2)  Laws that apply to both Jews and Arabs can be selectively or predominantly implemented on Palestinian Arabs, such as land confiscation laws or house demolitions.

3)  Laws can be implemented with different criteria for Jews and Arabs, such as criteria for family assistance in education programmes or production quotas for agricultural production. Often differences in quotas are maintained due to a lack of Arab representation in decision- making authorities.

The judicial review of this institutional discrimination is limited. To date, there is not one court case where the Supreme Court has accepted a case of discrimination against the Palestinian Arab minority and ruled to protect its rights. It usually accepts the claim of the State that its policies serve national priorities and thus are not discriminatory, or that different treatment between Jews and Arabs is legitimate, as they are different groups.(8) Even when historical discrimination is admitted, the court will not rule to close the gaps, arguing that responsibility lies with the decision-making of the executive.(9)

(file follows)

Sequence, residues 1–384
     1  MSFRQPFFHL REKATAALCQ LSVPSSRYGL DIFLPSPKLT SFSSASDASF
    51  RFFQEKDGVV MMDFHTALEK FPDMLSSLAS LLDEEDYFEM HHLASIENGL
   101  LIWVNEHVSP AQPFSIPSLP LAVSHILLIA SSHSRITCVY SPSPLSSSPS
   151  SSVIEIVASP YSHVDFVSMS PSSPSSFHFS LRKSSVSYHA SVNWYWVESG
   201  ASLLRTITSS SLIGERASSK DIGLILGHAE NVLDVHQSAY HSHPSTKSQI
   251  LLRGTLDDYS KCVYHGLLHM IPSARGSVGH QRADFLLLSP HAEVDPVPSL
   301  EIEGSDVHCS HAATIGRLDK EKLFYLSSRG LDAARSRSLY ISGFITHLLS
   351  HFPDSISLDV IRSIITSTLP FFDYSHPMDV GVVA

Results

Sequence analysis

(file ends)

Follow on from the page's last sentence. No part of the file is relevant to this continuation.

Recommendations for Action:

Israel should undertake a review of all its legislation, beginning with the laws detailed in this factsheet, to ensure that they are consistent with its obligations under Article 26 of the ICCPR, and offer effective protection from discrimination to all citizens. In particular, Israel should draft a basic law that explicitly entrenchesthe right to equality.

Beyond legislation, Israel ought to conduct a thorough reappraisal of the policies of its ministries so as to eradicate a pattern of institutional discrimination against the Palestinian Arab minority, and provide equality in terms of budgetary allocations.